Most of us have experienced both a personal and also professional crisis over the last few months. During this season, some leaders have thrived, where others have withered.
There are many different reasons for why some leaders are finding success and others are struggling and it would be naive to think that one factor could make all the difference. But as I’ve studied both our current professional and personal horizon, I have seen one consistent trait in the leaders who are not crumbling amidst the burden of this medical and economic crisis.
That trait is authenticity.
Authentic leaders are rising above the chaos, being praised and trusted by their teams (or followers). On the other hand, self-serving leaders are in a sharp descent (like the stock market a few weeks ago), being exposed for their selfish and hidden agendas.
During a crisis here are a few things authentic leaders do well:
For most of us, there is a dichotomy between our desired priorities (those we say with our lips) and our actual priorities (those we actually live out). For example, almost everyone says that their family is one of the top one or two priorities in their life. But usually their calendar tells a different story. Their family actually gets their leftovers because of the amount of time they spend at work.
In our personal life, our priorities should be in this order: faith, spouse, family, self, friends. In the professional world, our priorities should be employees, customers, and then the business.
Authentic leaders at home are putting their money where their mouth is by prioritizing their marriages and kids. They are willing to take some time away from work in the afternoon to go on a bike ride with the family. These leaders recognize that in a crisis (and, really, in any season of life) their family needs them first.
In the professional world, authentic leaders are making sure that their employees and customers feel valued over the bottom line of the business. These leaders are prioritizing the health, safety, and well being of their employees over profit.
Authentic leaders avoid hypocrisy. They strive to close the gap between their desired and actual priorities. You see, a crisis reveals our true priorities and motives.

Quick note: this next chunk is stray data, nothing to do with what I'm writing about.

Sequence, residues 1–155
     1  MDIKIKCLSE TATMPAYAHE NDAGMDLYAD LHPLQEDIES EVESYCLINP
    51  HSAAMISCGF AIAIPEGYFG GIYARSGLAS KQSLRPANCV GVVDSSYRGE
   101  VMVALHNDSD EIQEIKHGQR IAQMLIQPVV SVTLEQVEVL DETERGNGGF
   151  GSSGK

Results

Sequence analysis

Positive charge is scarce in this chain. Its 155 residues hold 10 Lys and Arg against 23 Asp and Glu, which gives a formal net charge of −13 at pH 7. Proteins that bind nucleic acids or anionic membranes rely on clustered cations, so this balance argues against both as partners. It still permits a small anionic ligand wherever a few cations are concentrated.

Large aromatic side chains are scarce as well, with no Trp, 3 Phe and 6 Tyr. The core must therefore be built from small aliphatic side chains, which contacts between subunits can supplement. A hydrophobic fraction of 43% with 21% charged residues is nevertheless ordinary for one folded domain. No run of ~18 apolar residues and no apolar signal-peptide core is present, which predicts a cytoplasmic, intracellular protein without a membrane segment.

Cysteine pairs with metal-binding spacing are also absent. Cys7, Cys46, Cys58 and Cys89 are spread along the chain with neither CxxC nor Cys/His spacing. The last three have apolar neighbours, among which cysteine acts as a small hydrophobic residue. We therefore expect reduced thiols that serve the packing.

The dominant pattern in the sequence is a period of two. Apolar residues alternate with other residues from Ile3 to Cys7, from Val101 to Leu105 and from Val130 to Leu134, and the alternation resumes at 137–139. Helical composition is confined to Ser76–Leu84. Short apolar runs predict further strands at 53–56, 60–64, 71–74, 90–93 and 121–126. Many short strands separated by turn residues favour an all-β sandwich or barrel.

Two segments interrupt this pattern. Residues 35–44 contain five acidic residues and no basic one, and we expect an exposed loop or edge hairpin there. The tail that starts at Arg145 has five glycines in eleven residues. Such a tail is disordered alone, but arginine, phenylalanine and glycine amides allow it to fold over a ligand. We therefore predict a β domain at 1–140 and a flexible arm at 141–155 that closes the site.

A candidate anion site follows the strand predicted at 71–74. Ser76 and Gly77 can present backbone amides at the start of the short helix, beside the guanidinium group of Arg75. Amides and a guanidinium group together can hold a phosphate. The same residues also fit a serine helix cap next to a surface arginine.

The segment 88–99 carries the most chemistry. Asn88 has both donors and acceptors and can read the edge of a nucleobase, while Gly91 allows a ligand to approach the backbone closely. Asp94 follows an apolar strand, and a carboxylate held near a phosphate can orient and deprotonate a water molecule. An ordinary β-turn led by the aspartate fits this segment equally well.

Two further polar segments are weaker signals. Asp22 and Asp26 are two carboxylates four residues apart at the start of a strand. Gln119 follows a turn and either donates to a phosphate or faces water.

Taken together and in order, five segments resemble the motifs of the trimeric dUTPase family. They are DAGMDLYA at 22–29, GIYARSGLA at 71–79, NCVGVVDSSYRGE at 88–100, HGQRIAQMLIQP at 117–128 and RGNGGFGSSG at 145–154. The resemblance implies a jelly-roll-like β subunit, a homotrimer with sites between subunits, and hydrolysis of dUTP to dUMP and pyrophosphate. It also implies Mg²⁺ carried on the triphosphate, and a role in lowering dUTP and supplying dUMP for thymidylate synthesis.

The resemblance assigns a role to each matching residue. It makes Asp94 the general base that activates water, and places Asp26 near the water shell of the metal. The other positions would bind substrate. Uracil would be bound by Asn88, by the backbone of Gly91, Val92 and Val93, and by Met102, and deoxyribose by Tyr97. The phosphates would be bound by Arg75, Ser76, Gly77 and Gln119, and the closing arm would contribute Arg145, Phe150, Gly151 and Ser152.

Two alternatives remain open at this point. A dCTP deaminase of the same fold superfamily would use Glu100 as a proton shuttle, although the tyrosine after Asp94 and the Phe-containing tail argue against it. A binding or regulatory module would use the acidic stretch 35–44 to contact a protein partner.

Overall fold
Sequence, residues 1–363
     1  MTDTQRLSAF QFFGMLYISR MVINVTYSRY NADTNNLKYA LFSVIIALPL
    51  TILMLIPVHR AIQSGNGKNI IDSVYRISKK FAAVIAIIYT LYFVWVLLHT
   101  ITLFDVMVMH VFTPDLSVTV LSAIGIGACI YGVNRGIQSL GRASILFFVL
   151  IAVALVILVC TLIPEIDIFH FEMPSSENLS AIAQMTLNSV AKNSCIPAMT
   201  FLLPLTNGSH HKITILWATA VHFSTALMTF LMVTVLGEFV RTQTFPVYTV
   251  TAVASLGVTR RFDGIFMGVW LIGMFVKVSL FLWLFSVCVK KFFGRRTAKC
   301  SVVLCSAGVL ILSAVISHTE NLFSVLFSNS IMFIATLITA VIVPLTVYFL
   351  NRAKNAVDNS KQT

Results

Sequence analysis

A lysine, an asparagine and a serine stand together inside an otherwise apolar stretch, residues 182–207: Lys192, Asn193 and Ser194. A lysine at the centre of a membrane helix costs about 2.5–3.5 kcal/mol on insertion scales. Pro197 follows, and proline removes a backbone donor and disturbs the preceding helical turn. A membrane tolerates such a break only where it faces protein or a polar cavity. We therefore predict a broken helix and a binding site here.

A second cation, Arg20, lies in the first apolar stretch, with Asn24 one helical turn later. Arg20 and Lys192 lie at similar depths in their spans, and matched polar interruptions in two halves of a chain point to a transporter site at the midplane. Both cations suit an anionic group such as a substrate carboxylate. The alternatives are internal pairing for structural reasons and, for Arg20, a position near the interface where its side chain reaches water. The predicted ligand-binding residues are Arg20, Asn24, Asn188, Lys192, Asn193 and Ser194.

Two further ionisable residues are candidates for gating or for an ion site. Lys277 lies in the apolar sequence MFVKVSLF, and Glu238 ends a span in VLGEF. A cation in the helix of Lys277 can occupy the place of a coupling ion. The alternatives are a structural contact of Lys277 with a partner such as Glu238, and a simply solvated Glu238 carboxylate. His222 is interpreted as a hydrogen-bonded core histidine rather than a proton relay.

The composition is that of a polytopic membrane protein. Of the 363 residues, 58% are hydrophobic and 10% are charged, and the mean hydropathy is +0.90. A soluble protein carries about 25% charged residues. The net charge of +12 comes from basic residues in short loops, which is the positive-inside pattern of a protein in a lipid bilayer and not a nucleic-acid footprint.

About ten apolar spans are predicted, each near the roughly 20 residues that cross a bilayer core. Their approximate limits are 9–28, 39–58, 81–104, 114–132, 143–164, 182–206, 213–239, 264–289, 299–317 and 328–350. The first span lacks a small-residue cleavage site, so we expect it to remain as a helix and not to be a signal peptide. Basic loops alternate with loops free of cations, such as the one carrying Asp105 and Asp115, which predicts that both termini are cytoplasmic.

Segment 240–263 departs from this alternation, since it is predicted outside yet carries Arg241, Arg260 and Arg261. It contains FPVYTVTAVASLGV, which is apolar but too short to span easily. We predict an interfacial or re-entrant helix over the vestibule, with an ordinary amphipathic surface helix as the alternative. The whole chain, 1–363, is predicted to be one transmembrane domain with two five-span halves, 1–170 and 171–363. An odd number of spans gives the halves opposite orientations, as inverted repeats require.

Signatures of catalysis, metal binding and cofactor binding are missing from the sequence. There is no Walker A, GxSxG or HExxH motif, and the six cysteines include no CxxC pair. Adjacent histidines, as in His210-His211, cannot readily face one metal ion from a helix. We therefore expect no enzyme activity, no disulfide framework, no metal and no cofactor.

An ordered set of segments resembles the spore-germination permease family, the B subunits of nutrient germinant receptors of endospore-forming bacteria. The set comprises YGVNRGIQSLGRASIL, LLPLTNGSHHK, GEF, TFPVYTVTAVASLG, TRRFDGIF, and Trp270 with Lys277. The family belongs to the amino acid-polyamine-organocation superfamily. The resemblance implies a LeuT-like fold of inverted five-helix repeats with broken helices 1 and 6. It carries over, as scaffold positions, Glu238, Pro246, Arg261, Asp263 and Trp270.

Confront Brutal Facts
I mentioned this point in my post on Leading In Uncertainty but it’s worth revisiting.
Authentic leaders take the time to gather the facts, rank those facts from most to least important, and then make decisions through the lens of their priorities.
These leaders are not scared to face fear and make difficult decisions.
Their concern is more for those people who have been entrusted to them than their own well being or comfort as a leader.
Concise, Transparent Communication
Once a course of action has been determined, these leaders don’t mince words. They communicate the facts no matter how difficult they are and they do so with empathy and conciseness. They don’t want their message watered down with too many words. Knowing that where words are many, a hidden agenda closely follows.
If you want a great example of a leader who did this, check out Arne Sorenson, CEO of Marriott International and his message to their company.
Consistent, Frequent Follow-Up
Authentic leaders recognize they can’t communicate an exhaustive plan for the next 12 months when you are going through a pandemic and unstable economy.
All you can do is communicate the next step and that’s it.
But afterward, you need to have frequent “check-ins” where your team can communicate their fears, frustrations, and questions. These check-ins also provide an opportunity for you to keep a pulse on your team’s (or even family’s) emotional health.
It is important that your team find out key information from you and not the media or news. Stay ahead as much as possible. And don’t be afraid to say you are unsure of what the future holds.
As many states have started to reopen, all leaders need to carve out time to debrief. Meaning, they need to take time to learn from both the successes and failures during this unique season.
This won’t be the last season of adversity we face both personally and professionally. And the debrief helps us grow individually as a leader and helps us prepare for the future crises that we are sure to encounter.
Look over the five actions of an authentic leader. Which did you struggle with during this crisis (both at work and at home)? Why did you struggle in that area?
Next, take some to create a plan of what you would do differently the next time a crisis comes.
Note: If you haven’t registered already, we’d love if you made plans to join us for the first (free) webinar in our Summer Webinar Series, “The New-Norm Leader: 5 Skills For Socially Engaging in a Physically Distancing World.” You can register here to see the time options and claim your spot!